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  2. murfalert

    murfalert Been here awhile

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    The next morning we crossed the big river (I wasn't as impressed as I thought I'd be) and got back on the route. Which had us shortly into our first real rain. But not to fear, we needed it to hold the dust down. And besides, within five minutes we found shelter and a mandatory TAT stop.
    [​IMG]
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    These people are great, and so is the place. An amazing collection of ooooollllld stuff- and I'm not including the owner. He's kept annual photo books af TAT passersby that are really cool. And he doesn't do it for money! Think of that, he gives free water, free conversation, and free photo history with no selfish agenda. There has to be a catch, my cynical condition kept whispering. But no, and that's refreshing.
    As we pulled up a fully loaded GS with superman aboard (he did have a fancy costume) gave a weak and heartless "hey" before shooting off to save the world with gravel spraying and testosterone pumping. We were impressed, but apparently he wasn't. It must have been a symbolic kick in the nads to have three losers show up on junk doing what he told his wife he needed the best bike made for. And he was three days behind after he dropped the gigundus thing on himself hurting his leg.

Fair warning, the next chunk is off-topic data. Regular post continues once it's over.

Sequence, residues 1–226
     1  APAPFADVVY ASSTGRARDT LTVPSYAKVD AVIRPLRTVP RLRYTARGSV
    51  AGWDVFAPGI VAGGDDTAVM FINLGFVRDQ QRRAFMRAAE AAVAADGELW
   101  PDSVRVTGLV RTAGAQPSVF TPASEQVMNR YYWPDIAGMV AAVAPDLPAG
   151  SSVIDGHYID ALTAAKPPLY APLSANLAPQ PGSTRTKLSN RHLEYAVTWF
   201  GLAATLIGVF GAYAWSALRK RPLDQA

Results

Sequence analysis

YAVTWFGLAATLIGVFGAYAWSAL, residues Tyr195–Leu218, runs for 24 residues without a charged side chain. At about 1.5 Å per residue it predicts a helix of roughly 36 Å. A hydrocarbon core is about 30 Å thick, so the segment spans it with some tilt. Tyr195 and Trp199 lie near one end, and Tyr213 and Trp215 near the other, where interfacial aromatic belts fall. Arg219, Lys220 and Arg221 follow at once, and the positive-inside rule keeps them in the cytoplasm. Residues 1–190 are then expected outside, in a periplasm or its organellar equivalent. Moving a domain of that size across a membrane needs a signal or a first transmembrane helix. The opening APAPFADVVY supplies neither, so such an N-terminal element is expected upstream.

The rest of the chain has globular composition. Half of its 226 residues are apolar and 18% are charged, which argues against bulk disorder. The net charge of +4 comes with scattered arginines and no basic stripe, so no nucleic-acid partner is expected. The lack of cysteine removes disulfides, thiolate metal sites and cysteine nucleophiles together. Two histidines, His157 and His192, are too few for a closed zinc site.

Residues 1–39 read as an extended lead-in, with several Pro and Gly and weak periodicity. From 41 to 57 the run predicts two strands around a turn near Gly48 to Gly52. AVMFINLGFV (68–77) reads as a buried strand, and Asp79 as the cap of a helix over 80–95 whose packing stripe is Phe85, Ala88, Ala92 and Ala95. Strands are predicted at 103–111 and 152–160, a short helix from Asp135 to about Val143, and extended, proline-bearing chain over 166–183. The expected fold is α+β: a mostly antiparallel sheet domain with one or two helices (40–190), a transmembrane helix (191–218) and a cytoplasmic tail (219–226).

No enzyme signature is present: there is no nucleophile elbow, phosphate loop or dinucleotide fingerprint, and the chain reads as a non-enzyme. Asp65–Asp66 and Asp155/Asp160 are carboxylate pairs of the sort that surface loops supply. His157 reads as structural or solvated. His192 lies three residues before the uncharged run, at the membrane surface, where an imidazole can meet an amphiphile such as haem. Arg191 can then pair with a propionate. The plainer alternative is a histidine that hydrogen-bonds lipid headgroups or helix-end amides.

We hung out there until the rain quit. Talking and admiring stuff like a century old wine press and a meteorite.
    #22
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  3. ridetheblock

    ridetheblock Adventurer

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    Note it's been 2 days since a Guzzi mechanical - legendary Italian reliability!
    #23
    CrStep likes this.
  4. murfalert

    murfalert Been here awhile

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    After leaving the TAT official AR welcome center we enjoyed about 3 miles of wet gravel- and no dust. But alas it was short lived. I think Superman was moving so fast and creating such atmospheric turbulence that he spun the rain clouds north of us. Dust was again the order of the day. And straight gravel roads, flat straight dusty gravel, with nary a breeze to move it. After an hour or two we saw Hurricane Harvey induced storm waves ahead so we baled north a little to avoid that. Sure, we could have used some rain, but a thunderstorm wasn't in our agenda- cause we're wimps.
    We dodged storms where we saw them while trying to stick to the smallest roads we could, some being gravel. One led us quite a way to a condemned bridge. Well shoot, we're not back tracking, that we didn't sign up for.
    [​IMG]
    But since the gravel piles made us skirt precariously close to the drop off to the creek we used spotters- cause we're geniuses with large and manly balls.
    [​IMG]
    [​IMG]
    #24
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  5. murfalert